“In the evening the larger part of my arm that was coloured started to blister and that’s when I started to do my research about skin reactions to black henna.

“That’s when I realised we had a problem.”

That evening the couple visited a pharmacy and picked up saline solution, anti-itch cream and a steroid cream to treat the area.

Amanda diligently washed the area in bottled water, applied the creams and wrapped the affected areas in bandages for two days.

Despite taking care of the affected area, the couple realised Amanda needed hospital treatment on January 28th when her hands, feet and arms started swelling up.

Amanda said: “I was washing the thing constantly, keeping it wrapped and out of the sun.

“My hands and feet were swollen and when I was letting my arm air on the Tuesday evening I looked down and on the underside of my elbow there was a grapefruit-sized swelling.

“It was massive and it had a hard core in the middle.

“Once we saw that specific localised swelling we knew we had to go to the emergency room.”

The couple went to a nearby hospital at 10.30pm where Amanda’s arm was cleaned and dressed in bandages that would help draw out the infection.

The following day, January 29, Amanda’s blisters were popped and cleaned using cotton pads and antibiotic solution and then carefully wrapped in bandages.

She said: “I was pretty freaked out by it all. Everyone likes their arms, but I’m also a musician so I really need my arms to be highly functional.

“I was told the swelling was a symptom of the infection and that the blisters were going to be popped.

“Not only did she pop the blisters but she scrubbed all the tops of the blisters off with saline and antibiotic solution.

“It took about half an hour to do, the pain was just awful and I was crying.

“Every time she took a cotton pad off my arm it was covered in black, my body was rejecting the dye.”

After three appointments at the hospital staff, told her to keep the wound bandaged and dry until the infection had cleared up.

Now home, Amanda is urging people to avoid black henna and only get natural henna artwork providing the artist can tell you the ingredients in it.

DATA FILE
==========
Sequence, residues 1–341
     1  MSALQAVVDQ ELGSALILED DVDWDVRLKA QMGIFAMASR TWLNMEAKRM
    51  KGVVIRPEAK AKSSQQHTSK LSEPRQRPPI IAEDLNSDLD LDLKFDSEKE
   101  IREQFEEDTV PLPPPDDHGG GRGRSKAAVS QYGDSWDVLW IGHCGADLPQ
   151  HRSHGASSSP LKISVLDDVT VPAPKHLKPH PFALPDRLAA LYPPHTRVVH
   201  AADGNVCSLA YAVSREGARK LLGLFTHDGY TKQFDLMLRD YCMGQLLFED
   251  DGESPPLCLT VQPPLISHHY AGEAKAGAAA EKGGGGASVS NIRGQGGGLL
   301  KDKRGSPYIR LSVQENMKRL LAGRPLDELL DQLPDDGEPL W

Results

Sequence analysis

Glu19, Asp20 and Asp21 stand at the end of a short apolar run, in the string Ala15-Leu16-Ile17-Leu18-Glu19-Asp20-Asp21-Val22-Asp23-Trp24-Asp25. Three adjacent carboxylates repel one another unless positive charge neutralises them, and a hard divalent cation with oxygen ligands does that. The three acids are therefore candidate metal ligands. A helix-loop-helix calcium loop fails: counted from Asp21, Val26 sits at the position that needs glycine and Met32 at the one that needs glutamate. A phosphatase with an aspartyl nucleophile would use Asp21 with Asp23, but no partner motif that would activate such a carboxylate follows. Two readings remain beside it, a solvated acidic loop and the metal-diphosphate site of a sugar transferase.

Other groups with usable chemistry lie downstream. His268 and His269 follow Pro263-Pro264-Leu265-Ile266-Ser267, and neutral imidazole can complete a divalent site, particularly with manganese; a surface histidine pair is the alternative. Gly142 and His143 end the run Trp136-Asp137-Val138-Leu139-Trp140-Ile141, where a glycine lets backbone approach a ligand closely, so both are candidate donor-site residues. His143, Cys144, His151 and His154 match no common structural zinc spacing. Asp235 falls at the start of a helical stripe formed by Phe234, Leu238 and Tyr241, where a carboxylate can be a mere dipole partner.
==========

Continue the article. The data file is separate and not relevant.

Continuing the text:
She said: “Before this happened to me I didn’t know what PPD was.

“Natural henna should smell nice and you should be able to ask what ingredients are in it, if you can’t then I wouldn’t recommend getting it done on vacation.

“It’s doing amazing now. Right now it looks like the opposite of a black henna tattoo – instead of black, it’s white.

“I’ve been taking really good care of my arm by putting vitamin e oil, coconut oil and other really high quality serums and moisturisers on it.

“I’ve also been taking omega 3 fish oils and vitamin d, so I’m also doing internal stuff that’s good for my skin – it doesn’t look like it’s going to be a long-term scar.

“This story is one that will be told every time we talk about Thailand, which is a bummer.

“I felt guilty that I monopolised our time and we weren’t able to do some of our activities because of my arm.

“At the end of the day we got to see what a Thai hospital looks like – and not many people can say that.”

British Skin Foundation spokesperson Lisa Bickerstaffe said: “Tourists don’t always realise that ‘black henna’ temporary tattoos contain para-phenylenediamine (PPD) – a substance found in hair dye – which can lead to blistering, burns, scarring and even severe allergic reactions when used on the skin in this way.

“In 2018, three quarters of people surveyed by the British Skin Foundation were not aware that ‘black henna’ contains PPD and that when used on the skin it can be dangerous, as well as drastically increasing the risk of allergic reactions to hair dye in the future.

“The British Skin Foundation strongly recommends avoiding ‘black henna’ temporary tattoos at all costs.

“It’s not worth risking your skin health now or in the future, in addition to ruining your holiday.”